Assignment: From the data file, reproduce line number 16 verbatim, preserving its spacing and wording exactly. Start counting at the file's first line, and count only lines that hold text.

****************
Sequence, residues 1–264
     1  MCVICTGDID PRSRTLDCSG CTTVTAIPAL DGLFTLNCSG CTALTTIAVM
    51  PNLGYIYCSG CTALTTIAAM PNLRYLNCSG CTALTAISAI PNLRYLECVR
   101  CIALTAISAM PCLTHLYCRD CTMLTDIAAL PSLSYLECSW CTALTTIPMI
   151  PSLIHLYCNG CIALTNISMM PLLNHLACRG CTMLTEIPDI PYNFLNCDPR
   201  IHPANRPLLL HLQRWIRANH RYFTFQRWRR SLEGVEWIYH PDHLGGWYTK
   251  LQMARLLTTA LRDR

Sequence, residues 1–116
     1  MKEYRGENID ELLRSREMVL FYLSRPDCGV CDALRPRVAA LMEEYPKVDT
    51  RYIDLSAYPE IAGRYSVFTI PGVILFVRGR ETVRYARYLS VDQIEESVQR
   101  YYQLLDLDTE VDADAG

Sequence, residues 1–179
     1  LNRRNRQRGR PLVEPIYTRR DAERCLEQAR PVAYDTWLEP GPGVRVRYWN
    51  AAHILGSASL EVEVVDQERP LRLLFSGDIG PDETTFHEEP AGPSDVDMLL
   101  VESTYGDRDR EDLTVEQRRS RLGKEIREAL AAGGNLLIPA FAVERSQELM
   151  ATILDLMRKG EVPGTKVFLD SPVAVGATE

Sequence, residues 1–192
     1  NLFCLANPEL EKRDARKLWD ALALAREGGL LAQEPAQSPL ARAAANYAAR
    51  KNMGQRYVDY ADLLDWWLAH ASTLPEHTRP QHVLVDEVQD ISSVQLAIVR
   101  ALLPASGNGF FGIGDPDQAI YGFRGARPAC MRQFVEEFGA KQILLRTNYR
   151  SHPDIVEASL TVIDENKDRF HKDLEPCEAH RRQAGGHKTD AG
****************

   151  ATILDLMRKG EVPGTKVFLD SPVAVGATE